It appears that the SVR data we're all looking for will be available early next year, probably on a 12-week tx course using the optimal dose of Vertex and Peg.
Later, will follow Vertex monotherapy data. Later still, the possiblity of triple therapy using ribavirin, but I'm guessing they only have this on the back burner in case they don't get the SVR numbers they're looking for with either dual or monotherapy.
Lastly, talk of a protease "cocktail" using other protease inhibitors, still unexplored and therefore unnamed. Very exciting stuff going on. A lot of people are keeping their fingers crossed.
They are definitely covering their bases, including with the medical community, which makes sense since they are a public company.
It was interesting to note the very low standard needed for what I believed was FDA approval -- which is for Vertex to work as well non-pegalayted interferon.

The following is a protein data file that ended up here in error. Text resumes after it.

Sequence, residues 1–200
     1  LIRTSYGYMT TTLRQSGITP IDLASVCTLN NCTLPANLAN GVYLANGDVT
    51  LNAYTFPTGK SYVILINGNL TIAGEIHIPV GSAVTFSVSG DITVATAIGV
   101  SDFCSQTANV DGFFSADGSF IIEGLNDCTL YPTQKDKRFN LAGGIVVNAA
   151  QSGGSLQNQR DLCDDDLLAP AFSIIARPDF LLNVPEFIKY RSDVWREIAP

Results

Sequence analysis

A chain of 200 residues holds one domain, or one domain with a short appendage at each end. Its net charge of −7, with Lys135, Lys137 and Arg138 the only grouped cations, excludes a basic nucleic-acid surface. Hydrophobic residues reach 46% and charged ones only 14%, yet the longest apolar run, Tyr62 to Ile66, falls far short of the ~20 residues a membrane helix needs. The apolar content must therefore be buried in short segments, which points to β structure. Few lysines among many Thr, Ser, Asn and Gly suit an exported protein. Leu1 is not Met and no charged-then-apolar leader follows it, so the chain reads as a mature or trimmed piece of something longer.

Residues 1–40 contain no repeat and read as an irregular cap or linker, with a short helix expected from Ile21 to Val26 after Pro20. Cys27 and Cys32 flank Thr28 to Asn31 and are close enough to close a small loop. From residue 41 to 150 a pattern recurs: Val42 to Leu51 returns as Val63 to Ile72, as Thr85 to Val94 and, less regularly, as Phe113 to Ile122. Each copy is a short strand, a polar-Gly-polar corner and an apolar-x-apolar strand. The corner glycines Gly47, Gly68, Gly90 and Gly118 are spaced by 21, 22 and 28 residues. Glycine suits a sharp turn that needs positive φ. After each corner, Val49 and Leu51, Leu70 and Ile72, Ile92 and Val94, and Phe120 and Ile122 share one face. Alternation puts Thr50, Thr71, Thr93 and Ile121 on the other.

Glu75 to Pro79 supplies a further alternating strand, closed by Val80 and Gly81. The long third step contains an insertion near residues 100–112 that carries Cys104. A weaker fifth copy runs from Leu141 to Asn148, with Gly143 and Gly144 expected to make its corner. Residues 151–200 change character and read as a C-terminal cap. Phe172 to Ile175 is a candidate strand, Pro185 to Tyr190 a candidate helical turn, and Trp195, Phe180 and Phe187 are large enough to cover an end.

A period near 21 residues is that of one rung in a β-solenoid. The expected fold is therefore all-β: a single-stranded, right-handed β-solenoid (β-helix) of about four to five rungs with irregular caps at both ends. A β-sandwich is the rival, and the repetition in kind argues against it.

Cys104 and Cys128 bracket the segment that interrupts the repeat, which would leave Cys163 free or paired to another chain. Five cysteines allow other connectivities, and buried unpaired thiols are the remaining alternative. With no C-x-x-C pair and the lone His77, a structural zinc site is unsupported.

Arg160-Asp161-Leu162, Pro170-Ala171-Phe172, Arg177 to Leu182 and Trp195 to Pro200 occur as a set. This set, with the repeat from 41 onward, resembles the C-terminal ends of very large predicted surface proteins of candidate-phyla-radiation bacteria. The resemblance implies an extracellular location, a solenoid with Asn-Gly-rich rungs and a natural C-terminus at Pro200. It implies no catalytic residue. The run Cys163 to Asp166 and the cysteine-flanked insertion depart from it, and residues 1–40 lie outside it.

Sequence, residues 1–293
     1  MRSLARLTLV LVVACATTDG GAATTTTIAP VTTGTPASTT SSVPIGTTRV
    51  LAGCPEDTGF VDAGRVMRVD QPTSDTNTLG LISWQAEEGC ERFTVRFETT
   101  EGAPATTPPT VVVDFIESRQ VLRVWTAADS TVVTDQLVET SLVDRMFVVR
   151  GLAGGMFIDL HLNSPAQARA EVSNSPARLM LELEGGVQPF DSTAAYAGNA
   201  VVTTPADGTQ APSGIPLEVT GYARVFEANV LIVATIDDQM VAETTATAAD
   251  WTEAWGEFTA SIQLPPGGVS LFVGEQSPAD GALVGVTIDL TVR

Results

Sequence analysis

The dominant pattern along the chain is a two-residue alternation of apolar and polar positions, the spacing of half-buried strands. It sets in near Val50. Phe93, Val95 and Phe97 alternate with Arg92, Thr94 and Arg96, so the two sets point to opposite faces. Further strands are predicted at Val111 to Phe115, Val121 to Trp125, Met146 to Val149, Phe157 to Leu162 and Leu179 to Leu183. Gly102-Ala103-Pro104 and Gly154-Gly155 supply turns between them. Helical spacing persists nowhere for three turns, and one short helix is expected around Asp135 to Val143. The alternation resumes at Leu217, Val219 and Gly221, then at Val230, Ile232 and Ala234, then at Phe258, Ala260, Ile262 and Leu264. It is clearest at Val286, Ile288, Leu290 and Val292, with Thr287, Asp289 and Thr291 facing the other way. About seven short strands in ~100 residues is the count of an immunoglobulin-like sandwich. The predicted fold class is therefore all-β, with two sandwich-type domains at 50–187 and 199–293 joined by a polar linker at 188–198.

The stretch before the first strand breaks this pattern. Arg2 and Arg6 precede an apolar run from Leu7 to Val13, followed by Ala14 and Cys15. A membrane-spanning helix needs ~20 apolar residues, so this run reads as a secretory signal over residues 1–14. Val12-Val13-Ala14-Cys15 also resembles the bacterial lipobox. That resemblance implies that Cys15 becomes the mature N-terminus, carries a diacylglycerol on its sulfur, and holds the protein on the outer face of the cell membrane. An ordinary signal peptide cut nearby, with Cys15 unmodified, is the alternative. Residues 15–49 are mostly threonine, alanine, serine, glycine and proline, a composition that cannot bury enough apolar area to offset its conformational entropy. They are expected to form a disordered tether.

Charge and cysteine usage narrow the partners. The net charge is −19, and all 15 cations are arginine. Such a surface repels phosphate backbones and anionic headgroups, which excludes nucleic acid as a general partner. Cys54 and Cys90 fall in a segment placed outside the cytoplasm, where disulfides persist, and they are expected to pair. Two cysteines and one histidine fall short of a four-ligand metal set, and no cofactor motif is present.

So, on one hand, they are forging ahead with almost mystical (but realistic) expectations of a 1-3 Hep C knock-out punch with almost no side effects (WOW) but at the same time they're not ruling out using Vertex in some lesser, companion capacity should the trial data come out differently. That's partly why they keep hedging their expectations. But with SVR data coming out early next year, the wait for results really isn't that long.
The Idenix NM283 Phase IIb trial is exclusively for Genotype 1 non-responders.